• Although Short-eared Owls usually migrate medium distances for the winter or switch areas if their food source dwindles, then they may undertake much longer migrations of up to 1200 miles. They have been recorded to land on a ship in the middle of the Pacific Ocean, hundreds of miles from land, and inhabit remote islands.
  • Short-eared Owls are very individualistic and solitary birds which creates an interesting situation during the breeding season. Males advertise themselves with aerial displays and wing clapping and they offer food to the female so that she wouldn’t consider the male as prey.
  • The pair will try to protect their nest from intruders, which includes broken wing displays, attacking, and intimidation tactics. If they’re alone and are spotted, they may pretend to be dead.


Similar Species

These beautiful owls have some similar species. We have introduced two of them.


Long-eared Owl

Long-eared Owl

Long-eared Owl

Short-eared Owls and Long-eared Owls have similar overall plumage.

However, Long-eared Owls have longer ear tufts (hence the name) and a cinnamon facial disk instead of white.


northern harrier

northern harrier

Northern Harrier

You might confuse these two when they’re hunting and flying since they hunt in the same habitats with a similar flight style.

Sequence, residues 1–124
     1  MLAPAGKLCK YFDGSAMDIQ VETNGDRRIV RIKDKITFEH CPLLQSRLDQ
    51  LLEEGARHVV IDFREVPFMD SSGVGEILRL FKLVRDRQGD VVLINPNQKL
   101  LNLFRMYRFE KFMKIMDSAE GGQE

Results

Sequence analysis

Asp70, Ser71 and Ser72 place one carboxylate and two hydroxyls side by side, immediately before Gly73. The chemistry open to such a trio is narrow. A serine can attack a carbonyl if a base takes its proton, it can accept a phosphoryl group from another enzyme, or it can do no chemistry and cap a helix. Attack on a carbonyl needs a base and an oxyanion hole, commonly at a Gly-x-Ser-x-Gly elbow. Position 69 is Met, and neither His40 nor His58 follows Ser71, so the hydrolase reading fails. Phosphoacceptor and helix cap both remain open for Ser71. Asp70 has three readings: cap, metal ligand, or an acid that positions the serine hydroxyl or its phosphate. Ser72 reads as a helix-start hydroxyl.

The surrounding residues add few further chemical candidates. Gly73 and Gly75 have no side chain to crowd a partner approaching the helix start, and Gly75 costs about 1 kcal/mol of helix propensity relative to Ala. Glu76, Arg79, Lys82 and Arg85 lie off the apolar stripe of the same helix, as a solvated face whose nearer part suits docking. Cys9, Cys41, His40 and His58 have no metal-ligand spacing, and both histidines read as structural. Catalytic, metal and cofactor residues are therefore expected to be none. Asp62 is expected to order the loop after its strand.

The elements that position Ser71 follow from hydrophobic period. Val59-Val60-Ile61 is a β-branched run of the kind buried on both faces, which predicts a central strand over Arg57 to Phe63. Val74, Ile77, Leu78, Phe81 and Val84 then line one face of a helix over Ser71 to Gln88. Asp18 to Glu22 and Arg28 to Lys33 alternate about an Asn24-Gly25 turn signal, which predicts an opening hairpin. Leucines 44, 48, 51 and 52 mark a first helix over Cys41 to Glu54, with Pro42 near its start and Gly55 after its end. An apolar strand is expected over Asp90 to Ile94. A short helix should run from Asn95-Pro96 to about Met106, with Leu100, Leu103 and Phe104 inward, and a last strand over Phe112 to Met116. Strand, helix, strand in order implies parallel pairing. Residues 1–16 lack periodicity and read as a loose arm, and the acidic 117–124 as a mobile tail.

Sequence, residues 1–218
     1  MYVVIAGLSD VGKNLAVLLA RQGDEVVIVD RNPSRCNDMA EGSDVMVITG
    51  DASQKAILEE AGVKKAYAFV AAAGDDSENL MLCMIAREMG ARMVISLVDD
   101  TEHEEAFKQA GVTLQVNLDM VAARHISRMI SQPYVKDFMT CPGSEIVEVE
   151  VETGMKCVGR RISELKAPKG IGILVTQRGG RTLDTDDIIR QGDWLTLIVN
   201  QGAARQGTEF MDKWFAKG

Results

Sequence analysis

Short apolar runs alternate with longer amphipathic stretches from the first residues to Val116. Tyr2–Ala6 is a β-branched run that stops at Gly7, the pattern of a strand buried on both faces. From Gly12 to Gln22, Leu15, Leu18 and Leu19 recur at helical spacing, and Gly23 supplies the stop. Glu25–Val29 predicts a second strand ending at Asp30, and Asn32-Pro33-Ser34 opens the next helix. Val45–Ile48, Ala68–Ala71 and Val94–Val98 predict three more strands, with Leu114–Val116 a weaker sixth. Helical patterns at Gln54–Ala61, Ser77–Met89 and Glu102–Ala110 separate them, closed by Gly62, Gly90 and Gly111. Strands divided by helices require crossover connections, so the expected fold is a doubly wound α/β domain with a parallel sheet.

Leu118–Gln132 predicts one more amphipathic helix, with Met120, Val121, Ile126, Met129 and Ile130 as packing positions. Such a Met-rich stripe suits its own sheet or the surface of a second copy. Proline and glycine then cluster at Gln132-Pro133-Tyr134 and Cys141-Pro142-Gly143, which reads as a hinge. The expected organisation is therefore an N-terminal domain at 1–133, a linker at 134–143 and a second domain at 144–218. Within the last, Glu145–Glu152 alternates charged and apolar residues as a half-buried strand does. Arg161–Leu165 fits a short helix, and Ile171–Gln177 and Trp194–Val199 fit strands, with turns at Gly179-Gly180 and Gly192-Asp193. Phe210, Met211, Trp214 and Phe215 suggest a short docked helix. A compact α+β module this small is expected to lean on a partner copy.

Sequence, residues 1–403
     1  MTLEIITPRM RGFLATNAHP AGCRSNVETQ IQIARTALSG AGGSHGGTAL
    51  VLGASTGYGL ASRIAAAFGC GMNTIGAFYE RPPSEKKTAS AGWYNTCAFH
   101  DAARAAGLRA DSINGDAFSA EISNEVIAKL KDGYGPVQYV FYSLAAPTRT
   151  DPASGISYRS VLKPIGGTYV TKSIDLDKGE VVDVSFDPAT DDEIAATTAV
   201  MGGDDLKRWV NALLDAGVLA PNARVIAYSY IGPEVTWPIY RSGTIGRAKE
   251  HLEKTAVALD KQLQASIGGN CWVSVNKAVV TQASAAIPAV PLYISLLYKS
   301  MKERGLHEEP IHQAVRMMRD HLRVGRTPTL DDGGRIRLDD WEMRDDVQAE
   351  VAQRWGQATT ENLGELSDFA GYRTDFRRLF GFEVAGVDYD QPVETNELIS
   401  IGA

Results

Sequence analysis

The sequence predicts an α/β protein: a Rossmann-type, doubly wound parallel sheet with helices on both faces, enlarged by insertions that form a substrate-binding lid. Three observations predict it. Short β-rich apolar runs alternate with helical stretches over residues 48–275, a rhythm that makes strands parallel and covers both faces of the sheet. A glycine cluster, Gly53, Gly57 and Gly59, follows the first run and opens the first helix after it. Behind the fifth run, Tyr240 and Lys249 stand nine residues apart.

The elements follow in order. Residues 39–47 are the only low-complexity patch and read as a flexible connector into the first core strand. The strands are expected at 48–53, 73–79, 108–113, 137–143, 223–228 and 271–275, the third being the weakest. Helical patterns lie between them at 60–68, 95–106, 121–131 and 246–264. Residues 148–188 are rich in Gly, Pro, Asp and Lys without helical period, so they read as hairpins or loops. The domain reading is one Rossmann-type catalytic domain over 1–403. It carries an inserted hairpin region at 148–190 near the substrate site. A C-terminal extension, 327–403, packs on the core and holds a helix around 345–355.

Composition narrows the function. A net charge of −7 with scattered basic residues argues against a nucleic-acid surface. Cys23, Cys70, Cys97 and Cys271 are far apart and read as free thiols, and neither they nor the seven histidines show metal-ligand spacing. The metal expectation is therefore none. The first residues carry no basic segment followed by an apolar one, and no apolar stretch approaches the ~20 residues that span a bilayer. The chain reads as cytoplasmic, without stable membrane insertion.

However, Northern Harriers have smaller heads, more pointed wings, and longer tails.




Frequently Asked Questions

What is the common name for Short-eared Owl?

Short-eared Owls are commonly referred to as marsh owls, grass owls, and prairie owls.

How big is a Short-eared Owl?

Short-eared Owls are about crow-sized, measuring 13.4-16.9 inches long and having a wingspan of 33.5-40.5 inches.

What is the preferred habitat of the Short-eared Owl?

Short-eared Owls prefer open areas with no trees, especially marshes and bogs.

What time of day is best to see Short-eared Owls?

Short-eared Owls hunt at night but also near dawn or dusk. During the breeding season, they may also hunt during the day.

About the Author

Heleen Roos

Heleen has loved the outdoors and nature since childhood and has always been fascinated with birds, leading her to research more about them. She has accumulated a lot of knowledge about their behaviors and habits through birdwatching tours and her own explorations. Her goal is to share the most interesting and useful facts about them.

Let others know your thoughts or ask an expert

Robert (Bob) Sanders

Tuesday 12th of September 2023

Well done, very informative, quite accurate. Thanks.

Patrick O'Donnell

Monday 18th of September 2023

@Bob- Thanks, we're glad you liked it!